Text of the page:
• Republican Madison Cawthorn reacts to becoming youngest member of Congress: 'Cry more, lib.'
  • Fischbach defeats Peterson in race for western Minnesota's U.S. House seat

Protesters clash outside White House, gather in L.A., Raleigh, Portland

Protesters clashed outside of the White House into Wednesday morning, while dozens marched through streets in Los Angeles and crowds of 200 or more gathered in Raleigh, North Carolina, and Portland, Oregon, late Tuesday. There were no signs of serious violence or widespread unrest across the Unites States in the hours immediately after the polls closed, the Associated Press reported. More than 520 events have been organized nationwide by Protect the Results on Wednesday and beyond if Trump either declares victory before all votes are counted or refuses to accept election results. Protect the Results is a coalition of more than 165 grassroots organizations, advocacy groups and labor unions led by activist groups Indivisible and Stand Up America. Businesses across the country are also bracing for the fallout from the presidential election after a year roiled by a pandemic and protests for racial justice.

How to watch election night 2020: the definitive hour-by-hour guide

  How to watch election night 2020: the definitive hour-by-hour guide Election Day is nearly here, and in a matter of hours we’ll find out whether this is the end of the campaign — or just the beginning of a protracted fight over who won. At 7 p.m. (Eastern Standard Time, which applies to all times mentioned here), we’ll start to see returns from Florida, Ohio, North Carolina and Georgia. Trump won all four of these states in 2016 and needs to win them again in 2020. The good news for viewers is that we should see relatively quick results in these key states, all of which are allowed to start processing (i.e., opening envelopes, validating signatures or even counting) their early votes and mail ballots before Election Day.

U.S. presidential elections have been held every four years for nearly two centuries. John Quincy Adams became the next president when he was picked by the House of In the most highly contested election in modern history, the U.S. Supreme Court stopped the Florida recount of ballots

In an extraordinary White House statement, Mr Trump claimed the election was a 'fraud on the American people' and that he was going to the Supreme Court to stop all vote counting immediately. He effectively declared victory, saying: 'Frankly we did win this election .'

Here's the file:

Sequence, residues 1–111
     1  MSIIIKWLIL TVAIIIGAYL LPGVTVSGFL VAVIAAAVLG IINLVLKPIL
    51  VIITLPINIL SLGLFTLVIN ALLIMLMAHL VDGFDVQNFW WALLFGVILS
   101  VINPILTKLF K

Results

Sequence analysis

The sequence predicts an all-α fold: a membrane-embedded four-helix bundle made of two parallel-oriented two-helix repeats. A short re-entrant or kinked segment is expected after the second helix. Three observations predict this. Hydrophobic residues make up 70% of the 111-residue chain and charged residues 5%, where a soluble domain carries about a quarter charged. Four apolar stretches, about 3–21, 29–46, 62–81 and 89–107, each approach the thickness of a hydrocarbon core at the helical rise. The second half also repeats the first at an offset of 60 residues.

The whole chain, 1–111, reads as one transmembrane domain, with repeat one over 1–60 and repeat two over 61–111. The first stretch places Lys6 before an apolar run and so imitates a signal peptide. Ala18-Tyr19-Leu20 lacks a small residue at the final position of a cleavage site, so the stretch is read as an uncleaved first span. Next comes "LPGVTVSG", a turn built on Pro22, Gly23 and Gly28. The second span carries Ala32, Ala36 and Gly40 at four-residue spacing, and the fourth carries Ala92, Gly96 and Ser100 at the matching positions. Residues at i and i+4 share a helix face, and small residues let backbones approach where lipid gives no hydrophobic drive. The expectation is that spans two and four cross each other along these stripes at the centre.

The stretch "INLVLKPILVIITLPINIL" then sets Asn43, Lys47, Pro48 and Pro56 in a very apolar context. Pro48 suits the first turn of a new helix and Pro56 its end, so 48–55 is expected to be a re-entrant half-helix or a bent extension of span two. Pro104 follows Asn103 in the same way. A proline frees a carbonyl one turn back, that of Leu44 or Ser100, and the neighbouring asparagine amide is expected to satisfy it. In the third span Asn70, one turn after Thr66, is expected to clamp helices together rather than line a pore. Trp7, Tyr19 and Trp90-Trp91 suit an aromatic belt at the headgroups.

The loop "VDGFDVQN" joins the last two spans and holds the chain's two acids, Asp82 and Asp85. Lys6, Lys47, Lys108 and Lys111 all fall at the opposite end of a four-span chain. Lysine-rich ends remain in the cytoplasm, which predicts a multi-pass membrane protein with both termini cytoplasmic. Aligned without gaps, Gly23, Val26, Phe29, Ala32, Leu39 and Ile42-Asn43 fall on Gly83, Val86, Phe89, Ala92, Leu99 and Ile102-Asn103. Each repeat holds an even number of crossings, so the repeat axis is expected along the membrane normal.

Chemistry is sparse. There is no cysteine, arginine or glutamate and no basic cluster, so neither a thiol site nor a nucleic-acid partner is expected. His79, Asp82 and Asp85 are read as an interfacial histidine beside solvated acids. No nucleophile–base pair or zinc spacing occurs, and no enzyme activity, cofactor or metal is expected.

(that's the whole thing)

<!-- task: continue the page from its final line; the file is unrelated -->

Religious freedom v. LGBTQ rights: Supreme Court faces major test

With a new justice on the bench, the Supreme Court on Wednesday will hear an argument on whether foster care agencies can turn down gay and lesbian couples. At issue is the city of Philadelphia's decision to stop referring children in need of foster care to Catholic Social Services, for decades one of its most reliable contract agencies, after discovering that it would not place kids with same-sex couples. The dispute pits the Constitution's guarantee of religious freedom against government bans on discrimination. The addition of Associate Justice Amy Coney Barrett gives the court's conservatives a 6-3 majority, putting at risk a 30-year-old Supreme Court precedent that made it difficult for religious groups to avoid neutral laws that apply to everyone. Several justices are eager to overturn the precedent – written, ironically, in 1990 by conservative Associate Justice Antonin Scalia.

  • New Associate Justice Amy Coney Barrett could have an immediate impact on American democracy
  • Six conservative justices? 10 ways the Supreme Court could change

This article originally appeared on USA TODAY: Presidential election, Senate and House races, Supreme Court: 5 things to know Wednesday

Supreme Court appears unlikely to topple Affordable Care Act in latest challenge by Republicans .
The fate of the law dominated much of Justice Amy Coney Barrett's confirmation hearing last month. Two other justices appear ready to save the ACA.After upholding the health care law in 2012 and 2015, the court was faced with a new Republican challenge stemming from Congress' elimination in 2017 of the tax imposed on consumers who refuse to buy health insurance. Since the law originally was upheld as a tax, challengers argued it became unconstitutional without one.